Readers' letters: Filmhouse administrators need to see the full picture - Readers' letters

I was surprised to see that before a successful bid for the Filmhouse property in Lothian Road Edinburgh has been announced, that at least two bids which promised to restore an independent film facility in Edinburgh have been rejected (News, 14 December).
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The administrators are surely duty bound to examine all bids together and use the same criteria in making an assessment of the total value of the bid to Edinburgh.

In a standard commercial insolvency it is generally acceptable, if not required, to simply accept the highest cash bid. However, because of the charitable nature and status of Filmhouse, different criteria in this instance ought to include the future provision or otherwise of arthouse cinema in Edinburgh, the provision of employment for those who have lost jobs and not least to take into account and perhaps even repay at least some, if not all, of the not insignificant amount of public money which has been channelled into Filmhouse over the years from many public bodies, including The British Film Institute, Edinburgh City Council and Scottish Screen/Creative Scotland, not to mention the generous start-up contribution made by the Edinburgh Film Guild.

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The Scottish Government should be holding the administrators to account for the total amount of public funds injected into Filmhouse to create a different perspective of the value of the individual bids and the intentions of the bidders.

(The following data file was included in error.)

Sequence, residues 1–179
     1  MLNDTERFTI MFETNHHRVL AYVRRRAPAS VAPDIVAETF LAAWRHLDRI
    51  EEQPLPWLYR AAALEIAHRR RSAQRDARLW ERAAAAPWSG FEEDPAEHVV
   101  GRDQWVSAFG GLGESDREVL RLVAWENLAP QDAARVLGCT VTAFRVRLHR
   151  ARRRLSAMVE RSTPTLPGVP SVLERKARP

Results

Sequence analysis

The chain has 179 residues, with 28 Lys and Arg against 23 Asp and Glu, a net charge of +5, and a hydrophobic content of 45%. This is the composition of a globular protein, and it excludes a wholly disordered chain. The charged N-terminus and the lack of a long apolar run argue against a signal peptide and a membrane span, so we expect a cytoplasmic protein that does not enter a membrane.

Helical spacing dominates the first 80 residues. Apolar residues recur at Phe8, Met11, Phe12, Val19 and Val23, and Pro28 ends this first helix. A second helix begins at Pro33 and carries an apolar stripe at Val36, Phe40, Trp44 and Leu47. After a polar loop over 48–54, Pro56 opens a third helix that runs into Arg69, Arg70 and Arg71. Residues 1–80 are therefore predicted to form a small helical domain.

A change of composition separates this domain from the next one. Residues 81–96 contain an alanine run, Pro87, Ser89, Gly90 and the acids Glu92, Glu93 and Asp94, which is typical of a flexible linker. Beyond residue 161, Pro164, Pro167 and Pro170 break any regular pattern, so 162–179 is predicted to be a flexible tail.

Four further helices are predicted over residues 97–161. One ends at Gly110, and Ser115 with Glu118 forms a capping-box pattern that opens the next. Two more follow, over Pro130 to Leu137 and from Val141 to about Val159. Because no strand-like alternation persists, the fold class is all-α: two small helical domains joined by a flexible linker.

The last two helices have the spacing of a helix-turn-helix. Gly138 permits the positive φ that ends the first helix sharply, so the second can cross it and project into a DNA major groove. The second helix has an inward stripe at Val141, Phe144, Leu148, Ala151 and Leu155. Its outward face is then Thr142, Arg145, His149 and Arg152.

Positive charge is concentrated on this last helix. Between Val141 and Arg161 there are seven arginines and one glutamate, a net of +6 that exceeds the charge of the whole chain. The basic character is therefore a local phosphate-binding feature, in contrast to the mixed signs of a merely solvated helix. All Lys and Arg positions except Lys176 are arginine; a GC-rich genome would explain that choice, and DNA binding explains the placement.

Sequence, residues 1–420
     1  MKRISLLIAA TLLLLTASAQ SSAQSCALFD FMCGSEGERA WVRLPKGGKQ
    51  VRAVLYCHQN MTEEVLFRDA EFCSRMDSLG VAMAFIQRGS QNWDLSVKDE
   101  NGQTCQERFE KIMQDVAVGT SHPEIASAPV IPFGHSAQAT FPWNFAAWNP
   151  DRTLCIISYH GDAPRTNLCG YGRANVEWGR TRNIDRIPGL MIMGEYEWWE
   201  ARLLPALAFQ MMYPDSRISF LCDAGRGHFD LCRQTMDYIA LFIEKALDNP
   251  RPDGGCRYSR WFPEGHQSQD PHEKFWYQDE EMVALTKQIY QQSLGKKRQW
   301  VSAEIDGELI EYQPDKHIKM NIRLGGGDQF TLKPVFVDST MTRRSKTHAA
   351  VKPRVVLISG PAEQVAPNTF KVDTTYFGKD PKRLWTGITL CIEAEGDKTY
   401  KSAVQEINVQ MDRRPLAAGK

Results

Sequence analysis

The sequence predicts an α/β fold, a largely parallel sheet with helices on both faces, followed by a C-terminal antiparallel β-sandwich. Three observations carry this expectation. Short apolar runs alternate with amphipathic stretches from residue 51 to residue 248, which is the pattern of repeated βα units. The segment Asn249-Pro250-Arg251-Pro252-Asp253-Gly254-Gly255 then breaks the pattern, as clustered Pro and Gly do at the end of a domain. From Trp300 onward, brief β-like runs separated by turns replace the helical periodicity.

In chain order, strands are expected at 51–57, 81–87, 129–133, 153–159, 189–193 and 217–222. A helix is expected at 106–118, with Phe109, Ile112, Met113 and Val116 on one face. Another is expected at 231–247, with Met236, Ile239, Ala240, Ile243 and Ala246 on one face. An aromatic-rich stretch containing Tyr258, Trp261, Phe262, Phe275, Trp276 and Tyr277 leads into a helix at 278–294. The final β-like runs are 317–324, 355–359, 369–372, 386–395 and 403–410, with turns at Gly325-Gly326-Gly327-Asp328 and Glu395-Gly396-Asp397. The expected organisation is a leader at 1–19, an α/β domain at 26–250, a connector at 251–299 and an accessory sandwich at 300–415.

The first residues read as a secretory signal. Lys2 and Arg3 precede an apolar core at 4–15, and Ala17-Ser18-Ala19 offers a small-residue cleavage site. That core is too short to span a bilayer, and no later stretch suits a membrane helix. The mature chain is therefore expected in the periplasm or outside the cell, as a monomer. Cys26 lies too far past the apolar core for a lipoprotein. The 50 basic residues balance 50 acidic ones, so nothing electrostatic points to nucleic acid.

An image from Gregory’s Girl was projected on to the Filmhouse building as part of the campaign to save the cinemaAn image from Gregory’s Girl was projected on to the Filmhouse building as part of the campaign to save the cinema
An image from Gregory’s Girl was projected on to the Filmhouse building as part of the campaign to save the cinema

Graham Berry, Hawick

Freedom of speech

in an incident which can only be described as an embarrassment for Edinburgh University, freedom of speech was defeated by a handful of students who felt entitled to physically block and verbally abuse attendees wishing to see the screening of a documentary and take part in a subsequent discussion (News, 16 December). Regrettably, it seems that there were not sufficient security arrangements which would have ensured that those wishing to see the film were able to access the venue unmolested and the event to go ahead.

The film in question is titled Adult Human Female. It features interviews mainly with women from diverse backgrounds in which they share their views on women’s rights, boundaries based on sex and the experience of being silenced when expressing their concerns. However, the documentary has been labeled by some as “transphobic” and “hate propaganda”. It is available online, free to see for everyone to make up their own mind about it. After watching it I fail to detect which parts exactly are transphobic or hateful. The vast majority would find little to disagree with.

Maybe this is actually the reason for the attempts to deny the documentary a live audience and discussion: because it might lead to the discovery that the women featuring in the film either have a point or at least should be listened to.

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Event organisers have every right to screen the film and it is the civic right of attendees to see and discuss it. There is a word for describing the actions designed to suppress these rights and to forcibly deny others to exercise them: totalitarian.

Regina Erich, Stonehaven

Fiscal restraints

John Swinney complains about the 'fiscal restraints' of devolution; he has a point, but not the one he indicates! The real fiscal problem of devolution is that Holyrood is not responsible for raising the cash it spends.

We know from the annual GERS figures that Scotland would be in real trouble if it had to do so; it would mean big spending cuts and big tax rises, and lose the ability to blame Westminster!

William Ballantine, Bo’ness

Write to the Edinburgh Evening News

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